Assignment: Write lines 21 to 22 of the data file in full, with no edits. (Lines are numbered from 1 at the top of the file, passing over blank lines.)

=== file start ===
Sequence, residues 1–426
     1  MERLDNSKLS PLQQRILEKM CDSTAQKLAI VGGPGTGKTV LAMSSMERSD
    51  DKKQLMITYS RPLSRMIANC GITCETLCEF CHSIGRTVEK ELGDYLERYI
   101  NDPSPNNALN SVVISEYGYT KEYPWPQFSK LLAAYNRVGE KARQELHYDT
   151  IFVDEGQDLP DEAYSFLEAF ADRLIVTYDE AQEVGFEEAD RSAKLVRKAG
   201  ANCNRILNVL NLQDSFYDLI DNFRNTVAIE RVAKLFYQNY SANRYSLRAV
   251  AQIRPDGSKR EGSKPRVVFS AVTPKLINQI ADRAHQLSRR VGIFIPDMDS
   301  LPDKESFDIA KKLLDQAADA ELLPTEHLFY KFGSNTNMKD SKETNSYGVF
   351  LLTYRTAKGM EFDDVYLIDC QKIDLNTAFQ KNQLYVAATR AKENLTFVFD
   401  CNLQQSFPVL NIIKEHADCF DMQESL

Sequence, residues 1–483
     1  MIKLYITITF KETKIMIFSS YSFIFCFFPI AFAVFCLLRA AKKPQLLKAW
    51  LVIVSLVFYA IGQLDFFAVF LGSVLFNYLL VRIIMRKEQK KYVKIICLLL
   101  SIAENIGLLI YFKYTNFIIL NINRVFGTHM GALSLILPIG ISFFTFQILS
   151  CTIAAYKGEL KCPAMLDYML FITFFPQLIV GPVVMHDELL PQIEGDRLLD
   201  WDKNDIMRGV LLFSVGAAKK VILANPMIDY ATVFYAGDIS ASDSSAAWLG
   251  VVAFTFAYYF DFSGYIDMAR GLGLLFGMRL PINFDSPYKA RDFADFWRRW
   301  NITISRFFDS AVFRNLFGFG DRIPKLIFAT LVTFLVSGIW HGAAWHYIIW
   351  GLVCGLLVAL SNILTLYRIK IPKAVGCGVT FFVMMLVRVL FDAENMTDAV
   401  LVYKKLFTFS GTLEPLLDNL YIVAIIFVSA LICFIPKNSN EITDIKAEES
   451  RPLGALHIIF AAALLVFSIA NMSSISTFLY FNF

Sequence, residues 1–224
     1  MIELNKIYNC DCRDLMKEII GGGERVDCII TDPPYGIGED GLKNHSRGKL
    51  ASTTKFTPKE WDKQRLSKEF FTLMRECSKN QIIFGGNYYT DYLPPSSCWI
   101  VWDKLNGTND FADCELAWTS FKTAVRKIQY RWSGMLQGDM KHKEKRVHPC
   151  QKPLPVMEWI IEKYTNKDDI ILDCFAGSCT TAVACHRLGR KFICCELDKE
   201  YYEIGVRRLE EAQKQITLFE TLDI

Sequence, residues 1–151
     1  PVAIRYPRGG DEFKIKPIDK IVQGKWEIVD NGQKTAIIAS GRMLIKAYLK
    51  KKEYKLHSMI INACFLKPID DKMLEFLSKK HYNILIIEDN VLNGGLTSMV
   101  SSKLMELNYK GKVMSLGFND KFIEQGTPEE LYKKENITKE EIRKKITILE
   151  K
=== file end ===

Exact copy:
   451  RPLGALHIIF AAALLVFSIA NMSSISTFLY FNF

Sequence, residues 1–224